Challenges Of Motherhood
But there was none except to run away or kill myself, and neither seemed like sufficient punishment. It is grief. And it does have much in common with bereavement. First you are numb.
ISBN 13: 9780789207845
Then you deny, you argue with yourself , you bargain, you feel guilty. The immutability of the situation is almost unbearable. But eventually, you come back to yourself. And slowly you start to heal. But the world looks different for ever.
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And once I healed enough — literally and metaphorically — things came right. I love my son now, with all my heart. Reconstructed world without end.
Maxton Walker : I feared the worse as an older dad. Six months ago I announced to my friends that, at 45, I was about to become a dad for the first time. It all got to me. A month ago, our daughter Aster was born and, of course, as babies do, turned our house upside down. Were my worries realised? Not even a tiny bit. One of the main pleasures for me, odd though it may sound to anybody who had a baby at a younger age, is finding a ready-made role for myself. I have no problem whatsoever with changing nappies. Thanks, everyone, who brought that up.
I relish the responsibility; the process of finding out where this new part of my life begins and ends. A month into fatherhood, I simply cannot imagine life any other way.
My only regret and I fear it may become quite a big one is that I left it all so late, and Aster will almost certainly be my only child. At times I feel like a witch has taken over my body: my voice is scratchy, my moods are black. After 8pm I feel as though someone is sitting on me.
When you are sleep-deprived everything feels like a struggle: relationships and friendships strain; work suffers; even putting your shoes on is too much trouble. My husband and I try to survive by doing lie-in shifts at weekends. Brott has devoted the last 15 years to providing men with the tools, support, and knowledge to help them become the fathers they want to be and their families need them to be. His seven critically acclaimed books for fathers have sold well over a million copies. He has written on fatherhood for hundreds of newspapers and magazines and is a frequent guest on such television programs as the Today Show.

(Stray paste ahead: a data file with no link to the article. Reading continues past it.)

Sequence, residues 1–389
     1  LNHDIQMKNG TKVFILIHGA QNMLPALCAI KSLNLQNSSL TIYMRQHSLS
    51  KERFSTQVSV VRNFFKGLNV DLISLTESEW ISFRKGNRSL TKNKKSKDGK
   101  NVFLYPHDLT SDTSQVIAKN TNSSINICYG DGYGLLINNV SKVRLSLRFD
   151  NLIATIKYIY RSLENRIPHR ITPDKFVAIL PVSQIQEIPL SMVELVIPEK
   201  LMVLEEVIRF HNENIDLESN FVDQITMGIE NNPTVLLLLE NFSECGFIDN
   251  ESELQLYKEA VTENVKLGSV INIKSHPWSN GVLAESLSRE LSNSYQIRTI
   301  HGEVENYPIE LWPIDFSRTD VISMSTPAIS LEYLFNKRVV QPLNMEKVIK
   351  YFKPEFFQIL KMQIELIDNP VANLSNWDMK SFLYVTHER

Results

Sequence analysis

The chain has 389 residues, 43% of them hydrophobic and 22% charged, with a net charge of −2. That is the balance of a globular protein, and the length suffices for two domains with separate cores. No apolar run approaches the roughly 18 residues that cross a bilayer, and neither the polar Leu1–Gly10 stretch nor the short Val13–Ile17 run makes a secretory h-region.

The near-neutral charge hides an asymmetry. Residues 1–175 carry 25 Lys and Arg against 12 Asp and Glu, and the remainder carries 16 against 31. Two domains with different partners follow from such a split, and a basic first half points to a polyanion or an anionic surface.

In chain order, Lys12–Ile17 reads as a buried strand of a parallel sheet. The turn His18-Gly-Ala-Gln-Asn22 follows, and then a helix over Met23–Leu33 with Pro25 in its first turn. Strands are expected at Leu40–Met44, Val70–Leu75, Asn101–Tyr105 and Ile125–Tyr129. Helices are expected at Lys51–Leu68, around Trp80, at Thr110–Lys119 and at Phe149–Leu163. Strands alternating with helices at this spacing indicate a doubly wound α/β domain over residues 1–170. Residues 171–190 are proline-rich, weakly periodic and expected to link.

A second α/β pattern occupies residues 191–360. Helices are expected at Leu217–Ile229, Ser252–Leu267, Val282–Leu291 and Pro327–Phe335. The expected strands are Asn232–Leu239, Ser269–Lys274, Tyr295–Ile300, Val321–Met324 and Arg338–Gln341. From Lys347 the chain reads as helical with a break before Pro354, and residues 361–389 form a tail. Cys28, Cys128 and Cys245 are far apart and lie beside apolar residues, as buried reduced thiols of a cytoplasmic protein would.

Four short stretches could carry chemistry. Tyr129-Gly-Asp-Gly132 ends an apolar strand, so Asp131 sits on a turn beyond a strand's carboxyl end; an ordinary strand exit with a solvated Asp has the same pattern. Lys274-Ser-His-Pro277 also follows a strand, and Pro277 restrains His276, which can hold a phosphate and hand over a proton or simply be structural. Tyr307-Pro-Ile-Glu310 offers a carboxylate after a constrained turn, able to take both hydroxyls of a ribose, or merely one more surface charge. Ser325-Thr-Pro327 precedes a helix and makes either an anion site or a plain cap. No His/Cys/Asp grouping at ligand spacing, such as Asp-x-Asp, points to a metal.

He also writes a nationally syndicated newspaper column Ask Mr. Dad , and hosts a syndicated radio show Positive Parenting. He lives with his family in Oakland, California. There are seven chapters in all, covering the stages of development from expectant fatherhood all the way through grandfatherhood.
Throughout, I've tried to address the concerns of many different types of fathers: biological, adoptive, first-timers, experienced, the very young, those who started the process later in life, divorced, never married, and those who have kids with special needs or disabilities. Chapter 1 discusses the issues that expectant fathers face—from the struggle to connect in the early months of the pregnancy and how-can-we-afford-this to the amazement of feeling the first kick and worries about being left out.
Besides chronicling father's dramatic changes over the course of nine short months, we'll chart the growth and development of the fetus and check in with the expectant mom to see how she's doing. Having a basic understanding of what the woman is going through is critical to understanding the expectant father's experience. After all, if she weren't pregnant, he wouldn't be having the experience at all.
Chapter 2 starts with the birth of the baby and, in a sense, the birth of the new father. We'll see how the baby's growth and development over the first twelve months-from the blobby stage to those first wobbly steps—parallels the father's own evolution. Well deal with the growth of skills and confidence and changes in attitude toward work, family, and community. We'll also introduce an issue that will come up over and over throughout the book: the difference between expectations of parenthood and reality.